To My Readers:
11111112. No I’m not writing this blog in binary. That would have a zero in it I think…math…not my thing. Numerology? Also not my thing. But it’s hard to ignore that I am writing this blog on 1/1 and it is my 111 Tasty Morsels Blog Post and my first blog of ’12. Hence 1111112, and for some reason, that’s just cool.
I wrote my first blog post a year ago after Leftovers To Go’s web designer, Rocky Laber of DSD Interactive, advised that blogging would help generate traffic to the website and more people would learn about and purchase the Leftovers To Go Workbook/DVD set. I had never “blogged” before, rarely read other people’s blogs, and didn’t know how blogging would differ from my past writing experiences. My curiosity was piqued and ready for the challenge, I made the commitment to blog for one year.
I began by commenting on news stories and special events that focused on eating disorders, size discrimination and health at every size®. During the process, of researching sources and topics for blogs, it did not take me long to find that every day in some newspaper somewhere there was something to comment on. I found I was unable to postpone the gratification of commenting long enough to write my blog posts and began adding my voice in the reader’s comments sections. I gathered there was a greater likelihood the authors and other readers of the articles would “hear” my point of view there, rather than trust that the mysterious world of search engine optimization would bring people to the Leftovers to Go website. In doing this, I discovered an entire community of HAES(sm) and size activist bloggers diligently working to educate and offer support to the public. Therapists, Dieticians, Dancers, Doctors, Activists…all blogging away! Who Knew??!! I was so impressed with the mother lode of articulate and sane voices out there that I began using my blog to promote other people’s blogs, webinars, organizations and websites. While this did not accomplish the original goals of my blog (to increase book sales and other commercial endeavors) there was no turning back. I was on a mission and if there was a way I could use my small piece of the “interwebs” to fight size discrimination and promote self-acceptance, then I was all for that! How difficult could it be? There was no scarcity of material to draw from, and it is a controversial and important niche for engaging readers in constructive discourse and active diablogue. Piece of cake, right?
Don’t let anyone tell you that blogging is easy. It isn’t. I know many people think that a blogger just sits down at the keyboard, perhaps free associates or employs a technique of writing their thoughts down in a stream of consciousness as if they were talking to someone, and twenty minutes later they hit the publish button. But it really isn’t like that and I am in awe of people who blog daily. IN AWE! With time a valuable commodity, and never enough of it, I’m lucky if I write one post a week. Writing a blog is labor intensive and each post, a labor of love.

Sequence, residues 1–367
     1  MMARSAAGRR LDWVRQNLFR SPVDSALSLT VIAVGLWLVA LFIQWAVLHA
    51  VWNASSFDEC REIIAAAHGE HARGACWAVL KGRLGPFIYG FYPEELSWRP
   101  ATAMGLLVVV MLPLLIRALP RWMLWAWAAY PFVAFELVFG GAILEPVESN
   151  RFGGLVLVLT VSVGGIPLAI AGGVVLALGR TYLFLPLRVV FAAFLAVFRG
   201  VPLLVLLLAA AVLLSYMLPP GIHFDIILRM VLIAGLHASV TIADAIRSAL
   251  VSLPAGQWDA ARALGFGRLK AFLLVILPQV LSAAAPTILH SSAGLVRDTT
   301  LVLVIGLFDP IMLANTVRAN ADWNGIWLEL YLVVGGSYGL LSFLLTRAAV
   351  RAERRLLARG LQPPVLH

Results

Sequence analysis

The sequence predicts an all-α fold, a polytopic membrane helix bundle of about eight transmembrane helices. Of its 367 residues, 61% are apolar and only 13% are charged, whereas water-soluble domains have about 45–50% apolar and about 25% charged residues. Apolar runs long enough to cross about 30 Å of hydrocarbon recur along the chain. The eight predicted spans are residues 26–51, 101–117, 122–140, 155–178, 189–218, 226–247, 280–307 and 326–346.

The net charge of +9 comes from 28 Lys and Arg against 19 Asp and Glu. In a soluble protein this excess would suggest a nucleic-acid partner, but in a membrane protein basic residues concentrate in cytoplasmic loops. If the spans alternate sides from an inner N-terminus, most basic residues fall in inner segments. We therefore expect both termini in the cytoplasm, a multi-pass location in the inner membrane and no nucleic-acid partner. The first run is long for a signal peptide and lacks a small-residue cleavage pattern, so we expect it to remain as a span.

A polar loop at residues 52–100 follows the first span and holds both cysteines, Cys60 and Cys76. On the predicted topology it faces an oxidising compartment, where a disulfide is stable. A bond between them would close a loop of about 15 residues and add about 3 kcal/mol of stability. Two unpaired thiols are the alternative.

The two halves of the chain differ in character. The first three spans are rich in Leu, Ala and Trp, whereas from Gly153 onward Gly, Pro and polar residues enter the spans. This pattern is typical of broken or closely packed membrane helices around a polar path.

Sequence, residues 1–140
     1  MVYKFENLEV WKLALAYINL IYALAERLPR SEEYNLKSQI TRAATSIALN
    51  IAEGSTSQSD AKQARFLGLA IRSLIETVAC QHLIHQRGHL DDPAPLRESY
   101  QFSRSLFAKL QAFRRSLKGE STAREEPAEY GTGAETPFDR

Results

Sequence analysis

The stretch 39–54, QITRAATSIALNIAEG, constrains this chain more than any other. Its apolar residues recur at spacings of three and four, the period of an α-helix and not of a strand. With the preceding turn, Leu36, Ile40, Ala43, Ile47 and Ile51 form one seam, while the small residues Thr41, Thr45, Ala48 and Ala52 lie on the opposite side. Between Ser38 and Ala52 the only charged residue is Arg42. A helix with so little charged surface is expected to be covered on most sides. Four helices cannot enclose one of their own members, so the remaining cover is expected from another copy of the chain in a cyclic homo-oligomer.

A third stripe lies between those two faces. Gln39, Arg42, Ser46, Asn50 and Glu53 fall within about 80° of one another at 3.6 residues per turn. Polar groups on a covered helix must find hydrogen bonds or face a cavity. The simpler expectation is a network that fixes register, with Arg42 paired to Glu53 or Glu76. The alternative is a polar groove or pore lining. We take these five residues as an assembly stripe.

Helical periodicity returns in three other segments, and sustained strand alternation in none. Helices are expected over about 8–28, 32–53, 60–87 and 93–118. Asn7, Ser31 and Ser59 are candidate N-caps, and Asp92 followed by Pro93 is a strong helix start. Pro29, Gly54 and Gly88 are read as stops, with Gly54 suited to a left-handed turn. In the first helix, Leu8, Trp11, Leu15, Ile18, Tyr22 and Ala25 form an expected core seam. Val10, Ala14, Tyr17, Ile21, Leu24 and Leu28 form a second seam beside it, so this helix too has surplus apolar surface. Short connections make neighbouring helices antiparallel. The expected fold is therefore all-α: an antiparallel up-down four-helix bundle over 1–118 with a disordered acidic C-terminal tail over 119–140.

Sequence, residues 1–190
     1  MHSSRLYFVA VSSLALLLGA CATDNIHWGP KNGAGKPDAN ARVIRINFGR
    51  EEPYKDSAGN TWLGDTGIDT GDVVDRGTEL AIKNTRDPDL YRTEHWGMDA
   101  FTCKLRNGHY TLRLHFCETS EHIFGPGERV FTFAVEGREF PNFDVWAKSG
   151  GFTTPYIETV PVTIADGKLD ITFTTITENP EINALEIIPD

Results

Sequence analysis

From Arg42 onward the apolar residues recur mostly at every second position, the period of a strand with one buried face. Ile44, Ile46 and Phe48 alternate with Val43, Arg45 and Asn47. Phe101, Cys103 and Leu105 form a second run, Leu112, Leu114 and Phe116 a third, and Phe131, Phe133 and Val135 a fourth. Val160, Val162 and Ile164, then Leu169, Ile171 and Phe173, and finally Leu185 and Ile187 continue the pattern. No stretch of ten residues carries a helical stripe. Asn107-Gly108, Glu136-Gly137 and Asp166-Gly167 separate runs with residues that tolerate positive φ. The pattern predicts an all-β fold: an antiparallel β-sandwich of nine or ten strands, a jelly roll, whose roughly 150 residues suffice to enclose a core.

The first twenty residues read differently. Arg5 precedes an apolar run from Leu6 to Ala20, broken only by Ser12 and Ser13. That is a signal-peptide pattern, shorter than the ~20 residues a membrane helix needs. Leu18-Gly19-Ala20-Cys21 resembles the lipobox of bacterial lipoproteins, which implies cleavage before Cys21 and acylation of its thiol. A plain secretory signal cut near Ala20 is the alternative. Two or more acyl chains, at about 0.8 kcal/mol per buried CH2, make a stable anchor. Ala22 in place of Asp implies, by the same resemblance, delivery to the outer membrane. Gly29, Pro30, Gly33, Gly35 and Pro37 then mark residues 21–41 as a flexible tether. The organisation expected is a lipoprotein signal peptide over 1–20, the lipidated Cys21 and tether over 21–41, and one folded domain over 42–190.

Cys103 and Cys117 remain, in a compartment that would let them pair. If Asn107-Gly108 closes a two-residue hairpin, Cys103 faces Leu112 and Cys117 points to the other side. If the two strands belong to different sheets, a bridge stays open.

It isn’t easy on an emotional level either. Publically posting personal material puts the writer in a vulnerable position. (Wow, sorry about the alliteration!) There is a bond that develops between a blogger and their audience, a sense of trust and intimacy that builds up as people share difficult material. It is public and private at the same time. Over the year, I have expanded the voice of Dr. Deah’s Tasty Morsels from strictly an op. ed. style to include more personal stories about my work as a Therapist, Professor, Actress, Author, and Activist and it is a challenging balance. Too much disclosure is unprofessional in the therapeutic community, not enough personalization, and your empathy is unconvincing. Too many facts, you are writing a mini dissertation, not enough you are just ranting. Blogging is an art form that is developing as we speak, or write…as it were. As part of their teacher training programs, colleges and universities have developed new curriculum on how to use blogging as a gateway to literacy and a vehicle to facilitate improved social interaction and communication skills. What started off as a radical fringe journalism movement, has gained credibility and wide spread approval and acceptance. The parallel between the successful mainstreaming of blogging and the fight for inclusion that the HAES and size acceptance movements are currently engaged in is easy to see. Perhaps that is why blogging is a logical medium for communicating these “radical” concepts to dispel the prevailing myths about the obesity epidemic in our country.
On January 7th, my year is up. I have written 111 Tasty Morsels blog posts and am syndicated on several websites. I am honored that in a world filled with so many choices and so little time you select a “Dr. Deah’s Tasty Morsel” to savor. I am thrilled when you take time to add your voices in the comments section. Supportive or argumentative, either way, it means I have ignited a thought, a feeling, a reaction and provided YOU the opportunity to find and share your voice and opinions. For me, it has been time well spent, and I may just re-up for another tour of duty.
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